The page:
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Romans 15:25-27

Verses covered in this passage:

  • Romans 15:25
  • Romans 15:26
  • Romans 15:27

Paul is not planning to travel to Spain by way of Rome immediately; first, he will make a trip to Jerusalem to deliver a contribution to the poor believers there. The contribution was voluntary, and yet the Gentiles are indebted to the Jews due to their shared spiritual blessings in Christ.

Paul clarifies that he is not headed to Spain right away; now, I am going to Jerusalem serving the saints. For Macedonia and Achaia have been pleased to make a contribution for the poor among the saints in Jerusalem. The churches at Macedonia (where Philippi and Thessalonica were located) and Achaia (where Corinth was located) made a contribution to the poor believers in Jerusalem. The words “have been pleased” makes it clear that the contribution was voluntary and given joyfully. This is likely the same offering mentioned by Paul in 2 Corinthians chapters 8 and 9. Paul admonishes the Corinthian church to have the offering they had pledged to give to help those suffering persecution in Jerusalem, saying “Achaia has been prepared since last year” to give (2 Corinthians 9:2) referring to the prior willingness of the Corinthian church. He admonishes them to have the money ready when he comes, and mentions that the Philippian church (located in Macedonia) had already given, and was the example they should follow. (Acts 18:12 tells us the governor of Achaia ruled Corinth.)

In his admonition to the Corinthians, Paul states the principle that God rewards those who give (2 Corinthians 9:6) but that each person should give as they purpose in their hearts, for “God loves a cheerful giver” (2 Corinthians 9:7).

While Paul’s primary mission was to take the gospel to the Gentiles in places where churches were not yet established, he still valued caring for those who are already believers. He was going to deliver a contribution to the poor among the saints in Jerusalem. Paul believed this errand was what God had called him to next.

Paul repeats that they were pleased to do so to emphasize that the gift the churches gave for the saints in Jerusalem was voluntary. However, afterward, he says the Gentile churches are indebted to them (the saints in Jerusalem). This seems backwards. Why would someone giving a gift be indebted to the ones receiving the gift? As Paul has explained throughout Romans, the Gentiles have been given the spiritual blessings of the Jews through faith in Christ. Gentiles and Jews are saved and share in all of the spiritual blessings, but those blessings came through the Jews. This letter has mentioned many times the concept of salvation coming to the Gentiles by way of the Jews; in Romans 11, Paul uses the image of a branch being grafted into a tree as a picture of the Gentiles taking part in the blessings of God through the Jews. For if the Gentiles have shared in their spiritual things, they are indebted to minister to them also in material things. Because Gentiles share in the spiritual blessing of the Jews, they ought to share their material blessings with Jewish believers in need.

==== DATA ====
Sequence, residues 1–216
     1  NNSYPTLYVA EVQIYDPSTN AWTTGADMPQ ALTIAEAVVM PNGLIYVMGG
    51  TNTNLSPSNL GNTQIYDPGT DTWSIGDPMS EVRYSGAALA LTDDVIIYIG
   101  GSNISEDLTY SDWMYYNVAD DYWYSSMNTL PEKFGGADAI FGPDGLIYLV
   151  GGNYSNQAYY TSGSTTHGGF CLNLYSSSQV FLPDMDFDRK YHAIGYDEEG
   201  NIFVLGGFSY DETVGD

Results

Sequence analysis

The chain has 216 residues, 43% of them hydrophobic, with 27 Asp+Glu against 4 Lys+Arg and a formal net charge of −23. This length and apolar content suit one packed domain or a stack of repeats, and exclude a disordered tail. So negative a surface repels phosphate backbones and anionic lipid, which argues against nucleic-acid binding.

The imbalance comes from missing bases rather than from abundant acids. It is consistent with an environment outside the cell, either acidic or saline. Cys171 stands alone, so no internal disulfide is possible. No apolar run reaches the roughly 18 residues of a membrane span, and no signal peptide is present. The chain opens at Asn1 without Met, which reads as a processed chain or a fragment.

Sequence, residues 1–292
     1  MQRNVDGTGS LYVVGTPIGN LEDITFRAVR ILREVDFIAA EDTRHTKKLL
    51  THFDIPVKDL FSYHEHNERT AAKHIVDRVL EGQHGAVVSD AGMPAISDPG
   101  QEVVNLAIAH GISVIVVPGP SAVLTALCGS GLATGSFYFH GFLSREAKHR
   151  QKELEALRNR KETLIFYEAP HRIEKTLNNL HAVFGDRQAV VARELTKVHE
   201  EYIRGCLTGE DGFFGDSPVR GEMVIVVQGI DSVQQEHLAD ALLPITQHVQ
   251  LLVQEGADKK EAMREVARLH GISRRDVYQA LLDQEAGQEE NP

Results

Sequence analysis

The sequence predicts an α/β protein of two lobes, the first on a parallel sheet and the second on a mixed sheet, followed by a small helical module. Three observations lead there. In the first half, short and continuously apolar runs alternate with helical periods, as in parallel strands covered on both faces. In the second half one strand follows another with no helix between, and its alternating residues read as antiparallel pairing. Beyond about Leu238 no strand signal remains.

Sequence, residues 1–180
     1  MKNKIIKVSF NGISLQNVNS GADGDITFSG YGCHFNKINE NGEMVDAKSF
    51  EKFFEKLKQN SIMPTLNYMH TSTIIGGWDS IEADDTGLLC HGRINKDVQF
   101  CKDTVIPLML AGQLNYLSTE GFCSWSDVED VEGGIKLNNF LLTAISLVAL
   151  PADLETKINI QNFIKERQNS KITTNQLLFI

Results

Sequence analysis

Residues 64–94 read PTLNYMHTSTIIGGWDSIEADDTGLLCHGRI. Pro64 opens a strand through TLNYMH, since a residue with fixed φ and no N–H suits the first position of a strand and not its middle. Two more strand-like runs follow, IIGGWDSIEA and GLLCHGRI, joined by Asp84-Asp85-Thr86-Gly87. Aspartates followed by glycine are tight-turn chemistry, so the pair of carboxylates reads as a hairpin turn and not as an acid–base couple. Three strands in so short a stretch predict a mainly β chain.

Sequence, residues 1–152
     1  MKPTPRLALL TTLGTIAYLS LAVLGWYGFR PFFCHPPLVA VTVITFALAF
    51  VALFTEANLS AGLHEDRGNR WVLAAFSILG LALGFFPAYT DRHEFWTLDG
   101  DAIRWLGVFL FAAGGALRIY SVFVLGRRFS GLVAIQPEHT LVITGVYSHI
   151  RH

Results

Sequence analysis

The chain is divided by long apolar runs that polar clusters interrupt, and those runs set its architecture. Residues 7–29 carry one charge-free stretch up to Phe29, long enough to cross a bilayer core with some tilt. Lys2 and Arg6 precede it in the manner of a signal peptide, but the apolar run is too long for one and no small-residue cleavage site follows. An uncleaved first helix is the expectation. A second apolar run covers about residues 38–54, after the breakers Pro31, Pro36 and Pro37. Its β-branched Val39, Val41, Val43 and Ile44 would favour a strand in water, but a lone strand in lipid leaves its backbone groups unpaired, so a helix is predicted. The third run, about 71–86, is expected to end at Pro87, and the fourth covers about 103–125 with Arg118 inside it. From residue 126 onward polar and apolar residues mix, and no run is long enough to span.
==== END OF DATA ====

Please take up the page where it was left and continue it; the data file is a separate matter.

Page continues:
When Paul reached Jerusalem, he was almost immediately arrested, and ended up going to Rome under arrest, after he appealed to Caesar because he could not get a fair trial in Israel (Acts 25-28). Paul would not only come and visit Rome, he would spend his last days there, being martyred under the reign of Nero. When Paul writes Timothy from his Roman prison, he knows his time to die is near (2 Timothy 4:6-8).

Biblical Text

25 but now, I am going to Jerusalem serving the saints. 26 For Macedonia and Achaia have been pleased to make a contribution for the poor among the saints in Jerusalem. 27 Yes, they were pleased to do so, and they are indebted to them. For if the Gentiles have shared in their spiritual things, they are indebted to minister to them also in material things.